At the other end of the spectrum from these dark views of China is Bruce Gilley’s China’s Democratic Future: How It Will Happen and Where It Will Lead, which is an overly confident political futurology.  In this volume, Gilley foresees an elite-led transformation in the coming years that will remove the CCP from power and replace it with a more broadly democratic regime.  Gilley, an esteemed journalist and author, is assured that China will convert to democracy by 2020, and, Gilley argues, democracy would serve China well.

Gilley analyzes the Chinese economy and overstates its problems.  Gilley writes, “People die from fake booze.  A black market in human organs thrives.  Long-term private investment is stifled….  Public assets are private, plundered and left to rot.”  Gilley continues, “There are high suicide and crime rates, each year 60,000 persons flee to the United States, more into Asia and 150,000 babies are abandoned.”  Gilley then examines how China is moving toward democracy.  Gilley believes that some sort of economic crisis such as laid-off worker protests or a big corruption scandal would trigger coordinated and nationwide protests.  In this case, what would most likely happen, Gilley suggests, is that reformers at the top would come to the front and establish an interim leadership with the pledge of national elections and a new constitution.  Thereafter, Chinese leaders would, for a while, pacify the nationalists, angry peasants, and other dissident groups by writing a liberal constitution, creating a new federal system with provincial autonomy, establishing the National People’s Congress as a leading authority, overhauling the judicial structure and security services, and resolving the Tibet and Taiwan issues peacefully.  Somehow, “democracy will produce democrats who uphold the ideal of tolerance, a belief in pluralism, a suspicion of authority and a deep-seated pragmatism,” Gilley reasons.  The rest of the book proceeds further with the author’s speculations.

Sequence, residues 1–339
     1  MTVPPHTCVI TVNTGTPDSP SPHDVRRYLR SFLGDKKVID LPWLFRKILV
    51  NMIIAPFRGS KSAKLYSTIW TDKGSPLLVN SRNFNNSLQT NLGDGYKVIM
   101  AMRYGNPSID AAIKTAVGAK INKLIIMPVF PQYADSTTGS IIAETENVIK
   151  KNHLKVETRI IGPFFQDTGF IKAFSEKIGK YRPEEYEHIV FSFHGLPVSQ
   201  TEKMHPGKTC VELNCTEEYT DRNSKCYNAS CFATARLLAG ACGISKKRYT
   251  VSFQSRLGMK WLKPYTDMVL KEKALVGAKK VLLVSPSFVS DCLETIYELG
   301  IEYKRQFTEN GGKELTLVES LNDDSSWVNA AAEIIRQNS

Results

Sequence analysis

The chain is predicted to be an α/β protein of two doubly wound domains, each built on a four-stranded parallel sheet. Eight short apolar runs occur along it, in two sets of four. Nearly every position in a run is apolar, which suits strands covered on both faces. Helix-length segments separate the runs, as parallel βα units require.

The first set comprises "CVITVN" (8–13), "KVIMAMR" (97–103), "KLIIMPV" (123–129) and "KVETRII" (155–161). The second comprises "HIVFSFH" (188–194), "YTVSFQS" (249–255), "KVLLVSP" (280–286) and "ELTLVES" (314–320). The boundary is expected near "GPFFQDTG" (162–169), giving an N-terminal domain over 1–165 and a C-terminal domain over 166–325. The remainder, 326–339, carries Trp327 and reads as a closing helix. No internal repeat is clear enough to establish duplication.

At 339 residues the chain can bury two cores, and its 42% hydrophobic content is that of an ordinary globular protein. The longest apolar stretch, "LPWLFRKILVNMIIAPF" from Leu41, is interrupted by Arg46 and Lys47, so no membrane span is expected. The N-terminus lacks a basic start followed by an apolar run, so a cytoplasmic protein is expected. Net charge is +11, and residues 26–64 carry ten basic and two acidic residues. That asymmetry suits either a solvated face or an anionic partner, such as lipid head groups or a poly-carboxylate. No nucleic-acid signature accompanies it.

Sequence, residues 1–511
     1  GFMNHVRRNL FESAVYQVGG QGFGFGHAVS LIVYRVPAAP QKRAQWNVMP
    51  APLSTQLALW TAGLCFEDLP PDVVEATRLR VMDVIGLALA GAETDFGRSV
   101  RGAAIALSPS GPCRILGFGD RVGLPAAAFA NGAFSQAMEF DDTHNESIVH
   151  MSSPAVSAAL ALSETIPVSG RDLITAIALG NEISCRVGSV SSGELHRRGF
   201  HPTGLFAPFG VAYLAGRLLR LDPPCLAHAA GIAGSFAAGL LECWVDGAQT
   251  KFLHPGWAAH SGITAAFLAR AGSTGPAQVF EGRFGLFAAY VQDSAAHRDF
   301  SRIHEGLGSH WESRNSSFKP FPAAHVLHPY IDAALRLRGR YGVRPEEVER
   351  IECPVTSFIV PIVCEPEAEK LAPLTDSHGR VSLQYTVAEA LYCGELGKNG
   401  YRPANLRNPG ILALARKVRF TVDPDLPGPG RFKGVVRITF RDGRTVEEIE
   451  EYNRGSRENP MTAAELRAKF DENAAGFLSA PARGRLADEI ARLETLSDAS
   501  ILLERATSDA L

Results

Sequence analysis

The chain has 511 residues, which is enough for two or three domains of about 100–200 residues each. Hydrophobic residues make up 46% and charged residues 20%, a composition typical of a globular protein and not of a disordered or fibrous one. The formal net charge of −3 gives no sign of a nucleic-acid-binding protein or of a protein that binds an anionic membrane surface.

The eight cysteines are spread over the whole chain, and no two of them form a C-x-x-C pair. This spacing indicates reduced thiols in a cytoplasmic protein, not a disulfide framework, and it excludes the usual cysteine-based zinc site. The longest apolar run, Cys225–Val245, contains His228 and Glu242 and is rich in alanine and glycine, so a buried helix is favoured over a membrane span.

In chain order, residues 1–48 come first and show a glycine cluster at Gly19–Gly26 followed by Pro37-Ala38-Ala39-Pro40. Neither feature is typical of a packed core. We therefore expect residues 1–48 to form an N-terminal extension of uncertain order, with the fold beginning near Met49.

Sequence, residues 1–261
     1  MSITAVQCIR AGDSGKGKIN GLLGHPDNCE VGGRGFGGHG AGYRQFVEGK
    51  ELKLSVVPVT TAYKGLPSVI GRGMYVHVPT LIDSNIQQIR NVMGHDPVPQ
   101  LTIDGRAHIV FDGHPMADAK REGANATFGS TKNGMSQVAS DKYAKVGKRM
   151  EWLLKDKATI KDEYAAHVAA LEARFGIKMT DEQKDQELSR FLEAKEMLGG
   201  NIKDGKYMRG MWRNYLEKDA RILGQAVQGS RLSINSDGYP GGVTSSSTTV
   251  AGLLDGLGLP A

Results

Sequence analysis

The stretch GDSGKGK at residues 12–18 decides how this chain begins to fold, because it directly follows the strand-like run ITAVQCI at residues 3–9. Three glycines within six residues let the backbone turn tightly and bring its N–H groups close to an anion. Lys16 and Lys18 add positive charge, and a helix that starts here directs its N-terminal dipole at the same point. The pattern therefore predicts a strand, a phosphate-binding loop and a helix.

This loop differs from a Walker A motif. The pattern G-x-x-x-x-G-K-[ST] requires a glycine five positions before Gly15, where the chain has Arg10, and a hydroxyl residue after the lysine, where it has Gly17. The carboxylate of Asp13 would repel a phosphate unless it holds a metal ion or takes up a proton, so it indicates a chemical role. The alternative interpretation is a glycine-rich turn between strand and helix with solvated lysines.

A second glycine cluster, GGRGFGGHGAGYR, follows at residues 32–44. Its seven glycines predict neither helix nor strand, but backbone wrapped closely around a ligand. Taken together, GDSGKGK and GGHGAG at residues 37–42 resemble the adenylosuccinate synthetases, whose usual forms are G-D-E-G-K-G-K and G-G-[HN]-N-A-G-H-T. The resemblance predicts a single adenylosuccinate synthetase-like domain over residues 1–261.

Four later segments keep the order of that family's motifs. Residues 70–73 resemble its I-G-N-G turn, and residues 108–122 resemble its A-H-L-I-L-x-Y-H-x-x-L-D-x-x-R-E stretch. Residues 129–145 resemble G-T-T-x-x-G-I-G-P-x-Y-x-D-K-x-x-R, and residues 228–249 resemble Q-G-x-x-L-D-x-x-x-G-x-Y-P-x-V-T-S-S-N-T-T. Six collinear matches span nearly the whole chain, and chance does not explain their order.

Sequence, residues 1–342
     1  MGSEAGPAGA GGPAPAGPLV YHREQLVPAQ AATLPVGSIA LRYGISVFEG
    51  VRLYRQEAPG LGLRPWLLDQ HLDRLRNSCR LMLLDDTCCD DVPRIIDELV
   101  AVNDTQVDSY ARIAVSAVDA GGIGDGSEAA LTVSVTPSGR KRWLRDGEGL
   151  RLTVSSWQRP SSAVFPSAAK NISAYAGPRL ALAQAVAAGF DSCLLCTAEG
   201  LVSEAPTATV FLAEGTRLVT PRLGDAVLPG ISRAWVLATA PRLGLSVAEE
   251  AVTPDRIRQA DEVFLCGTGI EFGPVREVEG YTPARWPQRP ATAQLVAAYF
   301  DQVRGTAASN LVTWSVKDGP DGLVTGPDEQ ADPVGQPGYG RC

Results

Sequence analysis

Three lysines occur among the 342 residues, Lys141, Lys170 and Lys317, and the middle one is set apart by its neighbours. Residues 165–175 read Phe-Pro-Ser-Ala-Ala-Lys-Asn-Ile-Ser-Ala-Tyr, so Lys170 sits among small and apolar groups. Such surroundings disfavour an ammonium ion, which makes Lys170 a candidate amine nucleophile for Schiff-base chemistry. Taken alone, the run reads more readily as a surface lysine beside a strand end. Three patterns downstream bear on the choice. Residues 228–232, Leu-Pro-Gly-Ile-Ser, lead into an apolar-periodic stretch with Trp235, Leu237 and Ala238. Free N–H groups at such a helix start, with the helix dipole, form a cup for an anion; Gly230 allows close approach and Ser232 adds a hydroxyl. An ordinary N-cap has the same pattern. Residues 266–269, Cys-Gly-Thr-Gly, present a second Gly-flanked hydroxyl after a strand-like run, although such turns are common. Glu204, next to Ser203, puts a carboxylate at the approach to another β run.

Although Hamrin’s and Chang’s gloomy views are not persuasive, neither is Gilley’s assumption that democratization is likely.  As the case of Singapore demonstrates, economic growth does not necessarily lead to democracy.  Moreover, in China’s circumstance, nationalism could divert people’s disapproval of the CCP.  Furthermore, China’s economic growth increases domestic support for its authoritarian leaders.  In short, Bruce Gilley’s depiction of China’s transition to democracy looks more like wishful thinking than scholarly analysis.  It presents an unlikely scenario, rather than an inevitable future.  Gilley’s optimism might be inaccurate, but he contributes to the field in a profound way.